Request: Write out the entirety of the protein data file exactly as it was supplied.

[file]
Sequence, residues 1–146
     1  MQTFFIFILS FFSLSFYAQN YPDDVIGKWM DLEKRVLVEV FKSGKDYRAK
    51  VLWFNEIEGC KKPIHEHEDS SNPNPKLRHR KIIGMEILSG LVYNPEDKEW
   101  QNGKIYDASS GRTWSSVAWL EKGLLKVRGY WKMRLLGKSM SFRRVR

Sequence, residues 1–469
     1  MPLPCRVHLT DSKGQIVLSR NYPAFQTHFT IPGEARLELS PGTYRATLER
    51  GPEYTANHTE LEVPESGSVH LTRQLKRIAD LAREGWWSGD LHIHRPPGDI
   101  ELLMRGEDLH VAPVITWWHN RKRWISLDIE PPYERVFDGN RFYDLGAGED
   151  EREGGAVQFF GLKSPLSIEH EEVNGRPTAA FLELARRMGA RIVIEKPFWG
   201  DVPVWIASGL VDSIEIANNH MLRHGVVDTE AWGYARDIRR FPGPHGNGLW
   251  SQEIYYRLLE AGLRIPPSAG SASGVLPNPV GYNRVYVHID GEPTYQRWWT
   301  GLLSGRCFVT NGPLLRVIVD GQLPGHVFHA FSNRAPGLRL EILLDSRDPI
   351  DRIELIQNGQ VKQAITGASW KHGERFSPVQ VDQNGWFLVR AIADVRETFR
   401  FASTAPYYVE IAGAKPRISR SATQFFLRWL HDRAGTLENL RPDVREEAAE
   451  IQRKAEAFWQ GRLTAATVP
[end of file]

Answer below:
Sequence, residues 1–146
     1  MQTFFIFILS FFSLSFYAQN YPDDVIGKWM DLEKRVLVEV FKSGKDYRAK
    51  VLWFNEIEGC KKPIHEHEDS SNPNPKLRHR KIIGMEILSG LVYNPEDKEW
   101  QNGKIYDASS GRTWSSVAWL EKGLLKVRGY WKMRLLGKSM SFRRVR

Sequence, residues 1–469
     1  MPLPCRVHLT DSKGQIVLSR NYPAFQTHFT IPGEARLELS PGTYRATLER
    51  GPEYTANHTE LEVPESGSVH LTRQLKRIAD LAREGWWSGD LHIHRPPGDI
   101  ELLMRGEDLH VAPVITWWHN RKRWISLDIE PPYERVFDGN RFYDLGAGED
   151  EREGGAVQFF GLKSPLSIEH EEVNGRPTAA FLELARRMGA RIVIEKPFWG
   201  DVPVWIASGL VDSIEIANNH MLRHGVVDTE AWGYARDIRR FPGPHGNGLW
   251  SQEIYYRLLE AGLRIPPSAG SASGVLPNPV GYNRVYVHID GEPTYQRWWT
   301  GLLSGRCFVT NGPLLRVIVD GQLPGHVFHA FSNRAPGLRL EILLDSRDPI
   351  DRIELIQNGQ VKQAITGASW KHGERFSPVQ VDQNGWFLVR AIADVRETFR
   401  FASTAPYYVE IAGAKPRISR SATQFFLRWL HDRAGTLENL RPDVREEAAE
   451  IQRKAEAFWQ GRLTAATVP